When newly-appointed Canopy Growth Corp. chief executive officer David Klein introduced himself to his staff in a town hall conference call last month, he quickly emphasized how all the company’s decisions going forward would need to be made with the consumer in mind.

It’s a mantra Klein is likely going to keep repeating for some time, or at least until the Smiths Falls, Ont.-based company turns a profit.

“I want to focus the business on the consumer,” Klein said when asked by BNN Bloomberg what he needs to do for Canopy to become profitable.

“If you think about the cannabis space over the past five years, it’s cool that we can now grow and sell cannabis in a legal fashion, but we haven’t built that connection with the consumer. Once we understand that, we’ll understand where to invest and where we should cut.”

Klein wouldn’t elaborate on whether Canopy would shutter facilities, other business units or layoff staff – something that has become the norm for the industry of late – but he noted that the first decision he made when he became CEO was to conduct a sweeping review of the entire company.

“We have a strong enough balance sheet that we can actually take the time to methodically to go through this review process and get it right,” he said.

Canopy reported better-than-expected fiscal third-quarter results on Friday despite reporting another steep quarterly loss. Canopy said it made $123.8 million in net revenue in its fiscal third-quarter while reporting an adjusted EBITDA (earnings before interest, tax, depreciation, and amortization) loss of $91.7 million. Total operating expenses fell 14 per cent from the prior quarter to $231.7 million while reporting a net loss of $124.1 million in the quarter. 

Analysts polled by Bloomberg expected Canopy to report $105.4 million in revenue in its third-quarter and an adjusted EBITDA loss of $110 million. Canopy's results, however, were an improvement from the prior quarter when it reported an adjusted EBITDA loss of $155.7 million.

Canopy Growth shares rally as third-quarter revenue rises

Shares of Smiths Falls, Ont.-based cannabis producer Canopy Growth are rallying in pre-marking trading Friday after third-quarter revenue came in well above expectations. BNN Bloomberg’s David George-Cosh reports.

But Klein isn’t pulling any punches when offering his take on the unrealistic expectations set by Canopy. Canadian pot producers have found themselves in a situation where there has been too much legal cannabis in the country  without enough physical stores to sell into as they continue to compete with the black market. The result has been a harsh wake-up call for cannabis producers and investors alike, as the Horizons Marijuana Life Sciences Index ETF has lost about 66 per cent of its value since pot was legalized in Oct. 2018.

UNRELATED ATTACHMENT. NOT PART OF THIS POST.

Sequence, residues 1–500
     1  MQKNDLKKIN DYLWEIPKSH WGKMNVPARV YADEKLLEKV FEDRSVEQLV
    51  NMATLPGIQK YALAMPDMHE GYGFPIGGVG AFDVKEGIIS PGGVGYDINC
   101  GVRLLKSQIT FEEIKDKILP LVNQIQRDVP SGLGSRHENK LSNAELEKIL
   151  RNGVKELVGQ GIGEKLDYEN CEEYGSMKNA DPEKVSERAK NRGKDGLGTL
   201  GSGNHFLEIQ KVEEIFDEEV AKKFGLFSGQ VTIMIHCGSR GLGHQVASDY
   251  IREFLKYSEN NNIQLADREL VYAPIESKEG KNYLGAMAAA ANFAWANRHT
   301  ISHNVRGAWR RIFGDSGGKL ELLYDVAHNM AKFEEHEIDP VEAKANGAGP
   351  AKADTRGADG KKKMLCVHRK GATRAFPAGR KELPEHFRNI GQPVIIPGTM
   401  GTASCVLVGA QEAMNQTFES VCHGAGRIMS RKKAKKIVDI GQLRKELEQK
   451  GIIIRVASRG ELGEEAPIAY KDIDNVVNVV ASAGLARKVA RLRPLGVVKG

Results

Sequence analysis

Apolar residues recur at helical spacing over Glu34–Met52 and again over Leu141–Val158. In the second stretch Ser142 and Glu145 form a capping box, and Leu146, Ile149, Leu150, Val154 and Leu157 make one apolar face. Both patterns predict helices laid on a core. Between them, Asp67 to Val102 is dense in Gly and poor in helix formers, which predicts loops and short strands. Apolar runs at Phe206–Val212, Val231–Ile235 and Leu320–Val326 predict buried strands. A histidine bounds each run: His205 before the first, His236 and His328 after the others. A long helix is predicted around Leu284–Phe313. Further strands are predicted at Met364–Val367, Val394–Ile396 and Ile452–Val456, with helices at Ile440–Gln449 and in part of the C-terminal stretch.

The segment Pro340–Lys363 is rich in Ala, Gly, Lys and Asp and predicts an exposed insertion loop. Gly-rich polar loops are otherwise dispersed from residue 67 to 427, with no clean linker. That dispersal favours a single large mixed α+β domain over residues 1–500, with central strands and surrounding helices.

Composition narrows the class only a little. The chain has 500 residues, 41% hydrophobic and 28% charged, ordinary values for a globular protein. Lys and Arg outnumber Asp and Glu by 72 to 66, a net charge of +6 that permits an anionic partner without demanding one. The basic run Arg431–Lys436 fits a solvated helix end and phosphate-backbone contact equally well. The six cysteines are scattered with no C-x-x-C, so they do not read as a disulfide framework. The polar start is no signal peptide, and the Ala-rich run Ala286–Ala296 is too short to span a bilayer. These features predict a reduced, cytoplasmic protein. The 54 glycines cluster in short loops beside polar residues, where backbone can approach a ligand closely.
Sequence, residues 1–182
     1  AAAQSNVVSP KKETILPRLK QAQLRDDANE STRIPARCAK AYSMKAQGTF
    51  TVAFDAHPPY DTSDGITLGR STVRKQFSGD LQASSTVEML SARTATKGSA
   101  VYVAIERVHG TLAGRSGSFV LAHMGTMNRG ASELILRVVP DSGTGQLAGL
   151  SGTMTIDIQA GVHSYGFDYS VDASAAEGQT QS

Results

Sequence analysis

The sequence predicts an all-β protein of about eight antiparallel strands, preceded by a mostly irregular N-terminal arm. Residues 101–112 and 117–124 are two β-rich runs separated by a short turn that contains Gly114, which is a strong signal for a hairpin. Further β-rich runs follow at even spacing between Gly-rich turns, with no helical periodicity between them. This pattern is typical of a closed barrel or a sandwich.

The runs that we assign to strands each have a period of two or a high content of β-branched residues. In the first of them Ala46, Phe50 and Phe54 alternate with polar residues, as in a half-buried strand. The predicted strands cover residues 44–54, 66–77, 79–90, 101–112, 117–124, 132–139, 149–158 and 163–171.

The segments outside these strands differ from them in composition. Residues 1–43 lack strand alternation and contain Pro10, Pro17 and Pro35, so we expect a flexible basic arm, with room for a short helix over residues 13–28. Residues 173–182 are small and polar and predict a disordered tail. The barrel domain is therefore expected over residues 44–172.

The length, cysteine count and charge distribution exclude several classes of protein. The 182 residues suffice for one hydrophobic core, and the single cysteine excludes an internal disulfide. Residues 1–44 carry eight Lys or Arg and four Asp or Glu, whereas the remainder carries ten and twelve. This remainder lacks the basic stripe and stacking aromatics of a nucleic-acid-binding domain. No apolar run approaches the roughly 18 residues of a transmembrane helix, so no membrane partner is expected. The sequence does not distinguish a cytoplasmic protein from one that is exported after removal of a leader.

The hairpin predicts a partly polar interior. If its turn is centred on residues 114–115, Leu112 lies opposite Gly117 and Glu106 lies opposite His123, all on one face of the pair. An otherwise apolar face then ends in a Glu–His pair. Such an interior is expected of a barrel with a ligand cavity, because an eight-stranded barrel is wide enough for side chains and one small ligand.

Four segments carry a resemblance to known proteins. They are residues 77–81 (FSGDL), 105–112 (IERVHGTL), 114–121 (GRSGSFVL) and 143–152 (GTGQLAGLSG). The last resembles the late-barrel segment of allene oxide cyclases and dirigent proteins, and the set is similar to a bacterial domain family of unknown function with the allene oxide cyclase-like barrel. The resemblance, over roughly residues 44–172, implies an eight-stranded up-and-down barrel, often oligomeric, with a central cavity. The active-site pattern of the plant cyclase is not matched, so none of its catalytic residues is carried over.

“It was probably naïve for all of us, including myself as an early investor through Constellation, to assume [legalization] was going to go smoothly and it was going to roll out and we would see this beautiful revenue curve. That wasn’t going to happen,” he said.

While it’s still early to provide a grade on Klein’s work-to-date, analysts are applauding the company’s latest quarter. Cowen & Co. analyst Vivien Azer said Canopy’s results showed “healthy sequential growth” in the quarter and demonstrates the company is on track to produce gross margins of about 40 per cent by the end of its fiscal year.

“With a much cleaner earnings release, we can already see the benefits of new leadership bringing financial discipline to the company,” Azer said in a note to clients on Friday.

Canopy reported improvement across a wide swath of its financial results, including Canadian and international cannabis revenue, while securing a leading 22-per-cent share of the Canadian recreational pot market in the quarter, the company said.

Revenue in Canopy’s Canadian recreational business rose nine per cent from the prior quarter to $83.5 million but fell five per cent from the same period a year earlier. Meanwhile, revenue in its international cannabis business rose three per cent in the quarter to $18.7 million, and up 593 per cent from last year.

Canopy says it is already tackling its own oversupply issue by paring down its production and harvesting in its latest quarter to 29,920 kilograms from 40,570 kilograms in the prior quarter. “All of the companies, Canopy included, built up too much capacity. We need to rationalize that,” Klein said, without giving specifics.

Cannabis Canada is BNN Bloomberg’s in-depth series exploring the stunning formation of the entirely new — and controversial — Canadian recreational marijuana industry. Read more from the special series here and subscribe to our Cannabis Canada newsletter to have the latest marijuana news delivered directly to your inbox every day.

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